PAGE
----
Is CBG the New CBD?

The lesser-known cannabinoid might just be the next big thing.

Image: content_creator /

You’ve heard all about CBD and its amazing effects. Whether or not you sell CBD products, you may be tired of hearing about the substance. Your brother successfully used it to treat anxiety, it helps your mother sleep at night, and your once-cantankerous boss is much less irritable during the workday. Everybody has heard those stories. CBD is a miracle remedy, we get it. What’s new, right?

Here’s what: a seldom talked-about compound called cannabigerol, or CBG. As with CBD, the effects of CBG still are being researched, and there’s significantly less information available on the latter. But while companies continue to find new ways to market CBD to the masses, a smaller segment of the industry is turning its focus to this lesser-known cannabinoid.


CBG is a phytocannabinoid, or a cannabinoid that occurs naturally in the cannabis plant. There are several other phytocannabinoids, like CBD and THC, and all of them stem from a cannabinoid called CBGA, or cannabigerolic acid. This is where things get complicated, but I’ll make it as simple as possible: CBGA is the “parent” of the acidic forms of all other cannabinoids. Through heat and time, all those cannabinoids are converted to their non-acidic forms: THCA becomes THC, CBDA becomes CBD (which sounds a little like a jumbled alphabet song), and CBGA becomes CBG.

CBG sometimes is called “the mother of all cannabinoids” or the “stem cell of cannabinoids” because of its role in converting the others. Despite its significant role, CBG occurs naturally in the cannabis plant in only minute amounts—usually less than 1 percent. Fortunately, as with CBD, farmers have found methods to cultivate strains with higher CBG percentages.

What does CBG do?

As with THC, CBD, and other cannabinoids, CBG works by interacting with the body’s endocannabinoid system—specifically, the CB1 and CB2 receptors—to affect mood, metabolism, pain response, and appetite. The compound is non-psychoactive, like CBD, and as a result will not produce euphoric effects or make users “high.” In fact, research indicates both CBD and CBG may even counterbalance the intoxicating effects of THC when consumed in higher concentrations.

Research on CBG is just beginning, but what we know so far sounds promising. These are some of the effects and benefits the cannabinoid may have to offer:


Yes, the mother cannabinoid has a lot in common with its better-known counterpart, but the two are completely different compounds, each with its own unique chemical structure. While they have many overlapping properties, there remains much to be discovered about CBG’s effects on the human body.

It’s always good to have options, right? Because our bodies each respond differently to different substances, for some individuals the effects of CBG may be more beneficial or fill a need that CBD could not. That can’t be a bad thing.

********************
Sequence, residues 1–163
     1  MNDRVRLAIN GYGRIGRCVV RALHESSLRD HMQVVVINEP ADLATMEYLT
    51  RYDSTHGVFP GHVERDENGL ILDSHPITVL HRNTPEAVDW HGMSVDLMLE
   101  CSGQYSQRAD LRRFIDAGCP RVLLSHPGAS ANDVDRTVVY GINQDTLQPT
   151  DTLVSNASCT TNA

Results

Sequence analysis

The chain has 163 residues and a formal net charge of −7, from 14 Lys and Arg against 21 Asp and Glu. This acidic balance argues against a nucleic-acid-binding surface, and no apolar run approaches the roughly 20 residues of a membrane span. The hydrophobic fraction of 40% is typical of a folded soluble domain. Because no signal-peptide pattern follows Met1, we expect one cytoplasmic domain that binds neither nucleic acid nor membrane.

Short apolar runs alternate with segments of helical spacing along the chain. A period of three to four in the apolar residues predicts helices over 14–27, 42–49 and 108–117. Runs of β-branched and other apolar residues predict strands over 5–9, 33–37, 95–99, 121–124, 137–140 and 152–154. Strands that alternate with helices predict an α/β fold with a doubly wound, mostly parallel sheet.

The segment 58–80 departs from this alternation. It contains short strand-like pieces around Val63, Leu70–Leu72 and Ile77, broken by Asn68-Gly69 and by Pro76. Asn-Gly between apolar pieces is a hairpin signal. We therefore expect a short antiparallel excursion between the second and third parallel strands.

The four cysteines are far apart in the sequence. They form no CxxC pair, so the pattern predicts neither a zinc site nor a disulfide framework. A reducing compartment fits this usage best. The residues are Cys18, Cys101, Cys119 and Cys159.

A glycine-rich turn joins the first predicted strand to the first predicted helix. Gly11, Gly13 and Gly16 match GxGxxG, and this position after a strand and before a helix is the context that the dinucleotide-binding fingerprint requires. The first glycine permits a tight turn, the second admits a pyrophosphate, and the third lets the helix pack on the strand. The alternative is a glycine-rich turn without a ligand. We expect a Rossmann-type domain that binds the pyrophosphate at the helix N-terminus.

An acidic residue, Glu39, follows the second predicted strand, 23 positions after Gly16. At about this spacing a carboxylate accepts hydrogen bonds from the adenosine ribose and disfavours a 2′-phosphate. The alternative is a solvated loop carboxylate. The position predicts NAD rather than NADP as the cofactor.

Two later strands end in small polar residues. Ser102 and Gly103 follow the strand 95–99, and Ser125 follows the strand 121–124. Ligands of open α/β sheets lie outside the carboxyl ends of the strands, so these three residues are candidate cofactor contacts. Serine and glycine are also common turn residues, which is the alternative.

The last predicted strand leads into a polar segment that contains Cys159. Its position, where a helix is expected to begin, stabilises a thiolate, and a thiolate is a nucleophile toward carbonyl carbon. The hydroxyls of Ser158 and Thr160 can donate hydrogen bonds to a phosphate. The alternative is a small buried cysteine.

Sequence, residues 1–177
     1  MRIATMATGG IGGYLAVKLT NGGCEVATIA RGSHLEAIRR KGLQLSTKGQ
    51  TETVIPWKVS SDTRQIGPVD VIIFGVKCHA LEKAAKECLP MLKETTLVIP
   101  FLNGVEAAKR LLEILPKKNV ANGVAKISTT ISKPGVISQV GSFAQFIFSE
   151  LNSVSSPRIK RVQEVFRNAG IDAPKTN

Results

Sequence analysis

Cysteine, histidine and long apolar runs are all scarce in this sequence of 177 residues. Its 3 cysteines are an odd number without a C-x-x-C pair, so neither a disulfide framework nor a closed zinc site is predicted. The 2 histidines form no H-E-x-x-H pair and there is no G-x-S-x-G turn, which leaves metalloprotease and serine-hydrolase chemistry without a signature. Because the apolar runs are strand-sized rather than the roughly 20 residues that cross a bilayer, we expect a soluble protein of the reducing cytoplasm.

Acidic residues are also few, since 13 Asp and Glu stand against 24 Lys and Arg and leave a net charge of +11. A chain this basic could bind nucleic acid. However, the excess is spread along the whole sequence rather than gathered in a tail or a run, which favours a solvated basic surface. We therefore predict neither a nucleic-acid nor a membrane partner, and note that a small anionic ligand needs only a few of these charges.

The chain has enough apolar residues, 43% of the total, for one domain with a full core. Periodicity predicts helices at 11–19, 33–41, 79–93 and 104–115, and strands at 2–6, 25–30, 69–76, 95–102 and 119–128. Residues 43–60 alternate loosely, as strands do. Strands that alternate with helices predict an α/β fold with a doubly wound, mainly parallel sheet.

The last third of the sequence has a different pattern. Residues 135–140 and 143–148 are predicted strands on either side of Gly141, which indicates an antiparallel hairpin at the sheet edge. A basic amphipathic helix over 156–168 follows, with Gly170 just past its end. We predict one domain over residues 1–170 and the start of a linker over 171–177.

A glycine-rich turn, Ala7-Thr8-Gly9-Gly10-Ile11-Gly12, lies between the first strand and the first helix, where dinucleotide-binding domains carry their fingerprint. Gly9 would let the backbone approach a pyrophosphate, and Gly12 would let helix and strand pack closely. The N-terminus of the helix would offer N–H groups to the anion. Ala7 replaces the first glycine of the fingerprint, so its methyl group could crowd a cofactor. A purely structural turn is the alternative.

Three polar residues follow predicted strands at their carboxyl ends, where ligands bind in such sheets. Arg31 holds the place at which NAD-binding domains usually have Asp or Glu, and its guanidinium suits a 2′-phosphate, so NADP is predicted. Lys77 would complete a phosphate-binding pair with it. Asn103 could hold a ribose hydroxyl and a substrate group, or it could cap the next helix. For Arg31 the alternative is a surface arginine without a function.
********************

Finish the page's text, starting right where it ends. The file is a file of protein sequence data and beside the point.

The possible benefits of CBG are numerous, and research already shows it has some unique properties that stand out from other cannabinoids. We’re excited about studies that show its potential to fight cancer and help with conditions like inflammatory bowel disease, glaucoma, and Huntington’s disease.

Combining CBG with CBD or THC

There’s another unknown, too: What happens when you combine CBG with CBD or THC? Generally, combining cannabinoids can produce a phenomenon called the “entourage effect,” in which the effects of each cannabinoid are enhanced. Moving forward, it’s definitely worth exploring what the compounds can do together.

CBG already is being sold in tinctures, isolates, vape cartridges, and other products, and companies increasingly are catching onto its potential. While awareness continues to grow, professionals in the hemp and cannabis industries are met with a rare opportunity to learn about and share the benefits it offers—that is, before it becomes just as much a household name as “CBD.”

Josefine-Nowitz-Cannabis-Creative-mg-magazine-mgretailerJosefine Nowitz is co-founder of Cannabis Creative Group (CCG), a full-service marketing agency providing web design and development, digital marketing, and branding services for clients including Revolutionary Clinics, Sweet Dirt, High Purity Extractions, GrowGeneration, Blue Forest Farms, LeafLogix, and Garden Remedies.

A speaker, leader, and educator, her recent speaking credentials include NECANN, CBD Expo Tour, CBD White Label Conference, and the National Cannabis Marketing Association. Nowitz has been featured in CBD Today, mg Magazine, and the NCIA Podcast. She holds an MBA from Fitchburg University and a BA in business administration in operations and information management from the Isenberg School of Management, University of Massachusetts, Amherst.